Factual · Powerful · Original · Iconoclastic
Once upon a time scientists, with few exceptions, could be relied upon to help staunch the never-ending flow of scares-of-the-week emanating from the media and advocacy groups. But more and more, they’re becoming part of the problem. The pressure to publish a positive link between whatever’s being scrutinized and disease has simply become too intense.
Myriad analyses have shown that a positive result in a disease study is more likely to be printed in a prestigious medical journal, (or in any medical journal at all), to be published sooner, to get media publicity, and to bring in additional grants upon which scientists depend.
Researchers know this better than anyone, and increasingly they’re caving in to the temptation to fudge their data.
Case in point: A study in the June issue of the American Journal of Epidemiology linking household exposure from naturally-occurring radon gas to lung cancer.
Sure enough, it’s gotten lots of play, with headlines such as AP’s "University of Iowa Study Says Radon Greater Risk than Thought Before." The AP was right on, to hear Dr. Charles Lynch, University of Iowa professor of epidemiology and the study’s principal investigator.
"What this indicates is that residential radon exposure is a significant cause of lung cancer," he said, backing up the EPA’s assertion that nothing else causes more lung cancer than cigarette smoking.
But the authors’ case is flimsier than the straw house of the first Little Pig.
True, the authors admitted, out of 12 published household studies looking for a radon-lung cancer connection, this is only the second to find one. Some have even found significant negative correlations.
Ah, but this study was vastly superior, its authors told us. As the AP stated, it "not only looked at overall radon levels in the participants’ homes, but at how much radon was present in different parts of homes and how much time people spent in those different areas." But no, it did not. It could not.
It was a retrospective study looking back 20 years. It thus invariably suffered from a common epidemiological problem called "recall bias."
Most of us can’t be very specific about how much time we spent in what room last week. But these people were required to search their memories over a period of two decades. Since many of the subjects were now dead, their relatives were asked to answer the same questions! Obviously, this is as scientific as palm reading.
But wouldn’t people err in both directions, with some lung cancer victims understating their exposure to radon?
No, the overwhelming tendency is for people with the disease any disease to "remember" higher exposures than people without it.
Thus people have been asked in studies (I’m not kidding), "How many quarts of chlorine-treated water did you drink daily 15 years ago?" They tended to give higher amounts if they had what was being researched, bladder cancer, than those who were cancer-free.
No true epidemiologist worthy of the title is unaware of the pitfalls of recall bias. That the Iowa scientists ignored it is enough to discredit them and obliterate their study. But that was hardly their only scam.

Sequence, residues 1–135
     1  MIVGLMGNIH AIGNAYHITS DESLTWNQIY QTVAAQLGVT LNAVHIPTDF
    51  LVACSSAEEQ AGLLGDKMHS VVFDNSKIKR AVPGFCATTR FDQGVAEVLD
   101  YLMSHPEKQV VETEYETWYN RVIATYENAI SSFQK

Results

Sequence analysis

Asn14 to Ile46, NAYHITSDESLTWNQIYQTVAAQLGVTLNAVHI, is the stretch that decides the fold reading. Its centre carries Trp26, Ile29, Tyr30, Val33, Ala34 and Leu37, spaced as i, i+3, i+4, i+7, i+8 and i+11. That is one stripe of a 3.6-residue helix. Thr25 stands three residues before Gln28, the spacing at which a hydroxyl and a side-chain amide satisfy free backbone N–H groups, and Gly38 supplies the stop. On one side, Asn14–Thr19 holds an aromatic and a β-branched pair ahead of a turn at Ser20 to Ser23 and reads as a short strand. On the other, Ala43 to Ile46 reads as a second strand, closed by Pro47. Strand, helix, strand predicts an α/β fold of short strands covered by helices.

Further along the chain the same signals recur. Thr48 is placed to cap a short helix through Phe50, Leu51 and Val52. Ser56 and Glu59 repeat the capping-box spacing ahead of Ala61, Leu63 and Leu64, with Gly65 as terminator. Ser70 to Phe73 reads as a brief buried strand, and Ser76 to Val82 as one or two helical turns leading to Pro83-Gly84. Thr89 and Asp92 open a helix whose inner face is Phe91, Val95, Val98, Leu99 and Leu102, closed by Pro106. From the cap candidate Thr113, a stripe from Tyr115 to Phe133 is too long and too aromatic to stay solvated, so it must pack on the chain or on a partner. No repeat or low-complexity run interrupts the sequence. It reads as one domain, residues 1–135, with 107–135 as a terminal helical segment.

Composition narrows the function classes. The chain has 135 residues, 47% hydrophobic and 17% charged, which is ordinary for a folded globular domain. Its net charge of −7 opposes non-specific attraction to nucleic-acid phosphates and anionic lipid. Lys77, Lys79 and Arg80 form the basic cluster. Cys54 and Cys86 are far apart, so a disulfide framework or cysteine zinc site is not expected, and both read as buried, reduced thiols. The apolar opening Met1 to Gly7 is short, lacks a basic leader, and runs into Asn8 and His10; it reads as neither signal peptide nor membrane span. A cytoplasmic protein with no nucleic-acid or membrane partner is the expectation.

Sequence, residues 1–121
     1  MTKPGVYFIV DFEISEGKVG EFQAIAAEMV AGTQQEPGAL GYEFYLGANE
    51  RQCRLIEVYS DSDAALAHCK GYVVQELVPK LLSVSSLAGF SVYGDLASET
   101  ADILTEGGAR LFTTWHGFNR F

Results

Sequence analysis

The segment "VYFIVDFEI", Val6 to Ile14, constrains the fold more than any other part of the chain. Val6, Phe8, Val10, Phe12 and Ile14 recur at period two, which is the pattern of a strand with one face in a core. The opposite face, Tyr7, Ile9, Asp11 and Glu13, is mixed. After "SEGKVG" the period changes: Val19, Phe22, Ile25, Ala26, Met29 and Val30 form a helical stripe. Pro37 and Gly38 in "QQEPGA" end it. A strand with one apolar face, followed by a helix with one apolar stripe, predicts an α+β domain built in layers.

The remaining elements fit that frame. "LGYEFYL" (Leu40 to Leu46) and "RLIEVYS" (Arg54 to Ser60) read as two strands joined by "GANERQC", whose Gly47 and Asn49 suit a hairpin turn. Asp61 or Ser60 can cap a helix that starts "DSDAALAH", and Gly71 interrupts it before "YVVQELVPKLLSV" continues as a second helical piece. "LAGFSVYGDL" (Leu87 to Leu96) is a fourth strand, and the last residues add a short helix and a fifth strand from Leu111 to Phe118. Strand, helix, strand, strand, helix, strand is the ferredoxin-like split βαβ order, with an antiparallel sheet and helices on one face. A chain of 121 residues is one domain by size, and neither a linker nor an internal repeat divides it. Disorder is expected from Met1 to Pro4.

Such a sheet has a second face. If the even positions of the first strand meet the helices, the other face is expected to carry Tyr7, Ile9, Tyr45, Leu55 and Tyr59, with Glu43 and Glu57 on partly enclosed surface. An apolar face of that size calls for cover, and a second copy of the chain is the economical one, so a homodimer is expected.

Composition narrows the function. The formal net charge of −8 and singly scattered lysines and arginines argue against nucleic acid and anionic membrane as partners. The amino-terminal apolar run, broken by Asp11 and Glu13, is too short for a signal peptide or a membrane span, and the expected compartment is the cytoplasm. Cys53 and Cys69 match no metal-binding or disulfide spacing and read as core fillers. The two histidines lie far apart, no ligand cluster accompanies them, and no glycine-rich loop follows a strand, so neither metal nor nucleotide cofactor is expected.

Another common trick among researchers desperate to find a positive result is to cut the data in just the right way. Because cancer doesn’t spread itself out perfectly evenly in any given population, finding positive results is never harder than cutting the overall group into sub-categories. The Iowa researchers did this in at least two ways, as indicated in one of their tables in the journal article. First, they did show that if you looked at all the people in the (allegedly) highest exposure group, there was no statistically significant increase in lung cancers. But by excluding persons now dead, the highest-exposure category of those left was barely in the bounds of significance! Voila! Household radon is a killer.
Yet even this wasn’t enough to show statistical significance, and if you don’t show significance your results by definition cannot be positive. So despite their reliance on recall bias and despite arbitrarily excluding dead persons, they still needed one more trick. They divided the study subjects into five parts, ranging from lowest alleged exposure to highest. That makes sense. And sure enough, they found no significant increase in the lower four parts, with a significant cancer correlation only in the highest group.
But that highest "fifth" wasn’t a fifth at all; rather it was the top 15 percent. Although it’s impossible to tell without looking at data they didn’t present, it appears that if they had fairly made that top category a full 20 percent, even with their other tricks they still wouldn’t have found statistical significance.
And there you have it; by combining no less than three tricks the Iowa scientists were able to convert what should have yet another study finding no link between household radon exposure and cancer into one finding radon to be a "significant cause." Sorry, but the only significant thing about this study and its appearance in such a prestigious and peer-reviewed medical journal is to answer a question posed by the title of a recent editorial in The New England Journal of Medicine: "Is Academic Science for Sale?" You’d better believe it.